Employees of the Miami-Dade County Expressway Authority should see no disruption in their paychecks this week after a Tallahassee judge stepped in Monday to fix an apparent flaw in the state law that abolished MDX without proper provisions for a temporary bill-paying authority.
In a 90-minute hearing, Leon County Circuit Court Judge John C. Cooper agreed to allow bills to be paid using the MDX bank account and name, even though the agency was abolished on July 3 when Gov. Ron DeSantis signed the legislation.
The ruling came after lawyers for MDX, which is suing the state for unconstitutionally abolishing the county agency, and lawyers for the Florida Department of Transportation and DeSantis agreed no one would contest the payments if they were made in the name of the abolished agency.
The legislation, HB 385, abolishes MDX and replaces it with the Greater Miami Expressway Agency, to be known as GMX. It will give the governor more control over the new agency than county officials, and lawyers for the county say that violates the “home rule” protections for Miami-Dade County in the Florida Constitution.
The measure was pushed by Lt. Gov. Jeanette Nuñez, a former Miami state legislator who has long complained about the county’s toll road board, and a handful of powerful Miami-Dade legislators including House Speaker José Oliva, R-Miami Lakes.
Cooper called the emergency hearing last week after he was persuaded by arguments from MDX lawyers that although lawmakers transferred all of the agency’s 31 employees to GMX, it did not give time for the new agency to develop a payroll and banking system to pay its bills.
“What is the Governor of Florida, the Legislature of Florida, the DOT and Miami-Dade County going to do about ensuring that the toll roads in Dade County stay operational?’’ Cooper asked at the onset of the hearing on Monday.
The state’s lawyers argued that GMX has the authority to pay the bills using the MDX name and bank account, but Cooper noted that the law says the GMX board is not required to be appointed until July 31. He was not convinced.
Eugene Stearns, lawyer for MDX, said that if the Legislature had said MDX would continue to exist until the new board is created, the issue would be resolved.
“But they messed up,’’ he said. They abolished MDX and, “it’s easy for them to say: you just write the checks. But you can’t do that — go to a commercial bank and write checks against [a dissolved agency].”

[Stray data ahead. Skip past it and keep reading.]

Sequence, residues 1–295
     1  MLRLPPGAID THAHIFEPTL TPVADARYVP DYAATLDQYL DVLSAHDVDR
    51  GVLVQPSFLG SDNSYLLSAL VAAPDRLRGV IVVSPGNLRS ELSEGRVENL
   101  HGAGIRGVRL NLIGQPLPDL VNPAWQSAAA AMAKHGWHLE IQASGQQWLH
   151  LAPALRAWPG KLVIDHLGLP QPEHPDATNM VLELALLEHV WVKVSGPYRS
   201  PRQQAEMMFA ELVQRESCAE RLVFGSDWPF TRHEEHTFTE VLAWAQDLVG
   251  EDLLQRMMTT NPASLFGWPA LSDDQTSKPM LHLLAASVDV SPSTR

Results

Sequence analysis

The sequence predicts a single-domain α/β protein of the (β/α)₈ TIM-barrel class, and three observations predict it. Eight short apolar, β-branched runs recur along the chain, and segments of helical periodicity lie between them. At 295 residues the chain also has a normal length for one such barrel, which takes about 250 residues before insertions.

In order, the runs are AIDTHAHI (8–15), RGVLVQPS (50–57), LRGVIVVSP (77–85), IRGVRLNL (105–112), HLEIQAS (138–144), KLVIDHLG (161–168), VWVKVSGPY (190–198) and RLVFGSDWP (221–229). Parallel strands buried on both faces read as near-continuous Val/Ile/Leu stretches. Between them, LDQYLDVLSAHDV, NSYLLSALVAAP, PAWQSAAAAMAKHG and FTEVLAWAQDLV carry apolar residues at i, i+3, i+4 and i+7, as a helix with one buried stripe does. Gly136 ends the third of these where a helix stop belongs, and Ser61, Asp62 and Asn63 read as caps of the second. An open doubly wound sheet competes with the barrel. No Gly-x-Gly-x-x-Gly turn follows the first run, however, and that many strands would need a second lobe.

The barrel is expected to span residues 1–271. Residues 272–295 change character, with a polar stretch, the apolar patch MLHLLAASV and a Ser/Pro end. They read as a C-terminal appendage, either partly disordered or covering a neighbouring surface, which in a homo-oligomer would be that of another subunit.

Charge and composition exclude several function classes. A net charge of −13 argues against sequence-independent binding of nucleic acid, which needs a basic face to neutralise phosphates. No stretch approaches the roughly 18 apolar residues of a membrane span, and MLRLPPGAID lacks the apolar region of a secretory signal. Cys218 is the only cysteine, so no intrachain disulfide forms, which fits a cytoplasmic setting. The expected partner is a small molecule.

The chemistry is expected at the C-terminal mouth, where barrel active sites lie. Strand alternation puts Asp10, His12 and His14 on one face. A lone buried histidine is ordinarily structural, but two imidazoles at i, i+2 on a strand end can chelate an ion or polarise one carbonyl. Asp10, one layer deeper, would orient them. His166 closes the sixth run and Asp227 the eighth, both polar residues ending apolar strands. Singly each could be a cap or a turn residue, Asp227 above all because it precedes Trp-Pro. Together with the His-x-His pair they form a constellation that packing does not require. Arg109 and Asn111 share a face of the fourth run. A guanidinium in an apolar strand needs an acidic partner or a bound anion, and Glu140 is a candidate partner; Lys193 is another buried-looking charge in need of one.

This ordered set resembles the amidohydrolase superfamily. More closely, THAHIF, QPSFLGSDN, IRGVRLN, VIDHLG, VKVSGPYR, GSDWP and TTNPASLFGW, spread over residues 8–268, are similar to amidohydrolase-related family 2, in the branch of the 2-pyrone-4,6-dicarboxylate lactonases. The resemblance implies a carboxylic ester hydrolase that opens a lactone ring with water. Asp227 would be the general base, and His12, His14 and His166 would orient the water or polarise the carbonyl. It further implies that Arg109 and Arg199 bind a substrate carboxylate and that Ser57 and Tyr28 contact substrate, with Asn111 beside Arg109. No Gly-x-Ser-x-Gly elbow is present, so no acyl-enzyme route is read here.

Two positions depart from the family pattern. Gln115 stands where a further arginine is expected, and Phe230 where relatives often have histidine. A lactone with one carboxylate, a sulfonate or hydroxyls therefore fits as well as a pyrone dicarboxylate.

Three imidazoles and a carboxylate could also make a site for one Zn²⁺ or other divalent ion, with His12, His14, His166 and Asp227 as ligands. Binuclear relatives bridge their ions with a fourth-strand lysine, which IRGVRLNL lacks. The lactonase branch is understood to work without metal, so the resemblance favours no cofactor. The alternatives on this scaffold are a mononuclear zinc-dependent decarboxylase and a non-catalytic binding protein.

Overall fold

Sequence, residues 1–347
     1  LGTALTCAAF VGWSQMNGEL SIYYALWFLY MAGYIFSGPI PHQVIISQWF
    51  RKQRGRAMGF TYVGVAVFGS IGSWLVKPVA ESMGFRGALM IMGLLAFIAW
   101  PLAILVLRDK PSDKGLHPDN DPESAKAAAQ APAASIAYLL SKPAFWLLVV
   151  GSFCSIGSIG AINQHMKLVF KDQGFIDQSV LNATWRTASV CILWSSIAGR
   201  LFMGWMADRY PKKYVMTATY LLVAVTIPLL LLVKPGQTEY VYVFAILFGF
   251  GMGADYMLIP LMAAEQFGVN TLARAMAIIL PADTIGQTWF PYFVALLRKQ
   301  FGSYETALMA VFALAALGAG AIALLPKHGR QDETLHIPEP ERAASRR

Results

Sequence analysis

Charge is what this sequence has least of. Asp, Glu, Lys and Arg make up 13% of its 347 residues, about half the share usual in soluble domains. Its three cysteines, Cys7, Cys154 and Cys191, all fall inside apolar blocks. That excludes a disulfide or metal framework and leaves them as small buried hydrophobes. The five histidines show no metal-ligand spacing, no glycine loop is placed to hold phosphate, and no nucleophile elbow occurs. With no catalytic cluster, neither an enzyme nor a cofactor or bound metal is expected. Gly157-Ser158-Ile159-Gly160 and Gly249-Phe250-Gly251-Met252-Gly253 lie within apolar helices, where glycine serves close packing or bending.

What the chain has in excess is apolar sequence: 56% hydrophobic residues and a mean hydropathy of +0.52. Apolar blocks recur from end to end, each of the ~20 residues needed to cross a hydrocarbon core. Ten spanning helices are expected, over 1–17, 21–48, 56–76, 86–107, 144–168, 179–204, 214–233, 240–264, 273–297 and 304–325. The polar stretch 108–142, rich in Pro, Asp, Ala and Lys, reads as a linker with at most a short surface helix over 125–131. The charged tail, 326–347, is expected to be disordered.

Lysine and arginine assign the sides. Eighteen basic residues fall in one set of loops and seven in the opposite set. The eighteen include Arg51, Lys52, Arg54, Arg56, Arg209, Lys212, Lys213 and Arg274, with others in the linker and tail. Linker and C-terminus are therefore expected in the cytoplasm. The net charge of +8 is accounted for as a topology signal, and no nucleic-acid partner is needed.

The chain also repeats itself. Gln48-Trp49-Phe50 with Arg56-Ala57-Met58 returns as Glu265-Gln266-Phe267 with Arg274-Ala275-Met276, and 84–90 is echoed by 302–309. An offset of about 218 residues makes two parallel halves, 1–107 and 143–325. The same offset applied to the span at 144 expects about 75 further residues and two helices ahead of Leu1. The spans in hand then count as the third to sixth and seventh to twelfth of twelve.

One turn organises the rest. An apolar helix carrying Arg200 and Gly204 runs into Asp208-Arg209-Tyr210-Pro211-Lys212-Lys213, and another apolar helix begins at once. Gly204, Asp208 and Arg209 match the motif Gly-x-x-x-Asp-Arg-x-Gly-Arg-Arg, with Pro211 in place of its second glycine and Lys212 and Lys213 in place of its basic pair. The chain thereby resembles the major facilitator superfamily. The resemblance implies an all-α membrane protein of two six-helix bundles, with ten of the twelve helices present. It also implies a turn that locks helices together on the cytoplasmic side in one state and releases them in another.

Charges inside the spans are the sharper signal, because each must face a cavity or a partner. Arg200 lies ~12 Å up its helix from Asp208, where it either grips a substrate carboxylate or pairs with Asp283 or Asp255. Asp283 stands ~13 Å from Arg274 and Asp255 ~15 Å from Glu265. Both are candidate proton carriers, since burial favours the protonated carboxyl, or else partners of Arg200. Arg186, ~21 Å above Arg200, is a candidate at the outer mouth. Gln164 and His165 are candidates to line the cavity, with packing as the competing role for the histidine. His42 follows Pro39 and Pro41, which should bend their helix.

Dan Nordby, lawyer for FDOT, told the judge that if the bank won’t pay, the state can sue the bank.
Cooper wasn’t satisfied. He ordered the lawyers to work out an agreement.
After a 10-minute recess, the lawyers agreed that neither side would be given an advantage in the case if the bills continued to be paid under the name of the now-abolished agency and nobody would claim that it would be considered bank fraud.
“It’s not my desire to be the toll-road czar of Dade County,’’ Cooper said. He said that if a hurricane or tropical storm requires emergency action, FDOT and the governor have the authority to exercise control over the roads.
Meanwhile, the fight over the fate of MDX will continue next week as MDX seeks to get Cooper to declare the law unconstitutional. Cooper has scheduled July 25 and 26 for a two-day injunction hearing to resolve the issue.
The agreement over paying the bills will remain in place until then, Stearns said.
The county and MDX lawyers argue that the law is a violation of the 60-year-old home rule authority established in the Florida Constitution, which prevents the state from interfering in the decisions of agencies created by Miami-Dade County.
In 1956, the Florida State Constitution was amended to make Miami-Dade County a home-rule county with the power to adopt its own governing rules and with the Board of County Commissioners acting as its governing body. Because MDX was established by Miami-Dade County, the county argues that the state’s attempt to abolish it violates the constitution and the agency should remain in place.
The state argues that MDX is an agency and has no authority to sue. Cooper seemed to agree.
“I can’t understand why the county’s not in this case,’’ he said Monday.
Stearns replied that the Board of County Commissioners had overwhelmingly agreed to support the lawsuit but there is legal precedent for MDX to sue because it has been harmed by an unconstitutional law.
“If they need to be a party, they will join as a party,’’ he said. “We don’t believe they need to be.”
Meanwhile, Stearns called the law a power grab by West Dade Republicans “who represent about 30 percent of the population of Dade County.”
Although the West-Dade Republicans are outnumbered in Miami-Dade County, “they are kings in Tallahassee and they are using their power in Tallahassee to take over local government in Dade County,’’ he said.
He predicted that the efforts to chip away at home rule will continue and “the next thing is the airport and seaport.”
“This is pure, unadulterated power,’’ Stearns said. “They are basically blowing through home rule because they can’t win countywide in Dade County because they don’ t have the support but, because of the party system in Florida they control the party apparatus in Tallahassee.”
Mary Ellen Klas can be reached at email@example.com and @MaryEllenKlas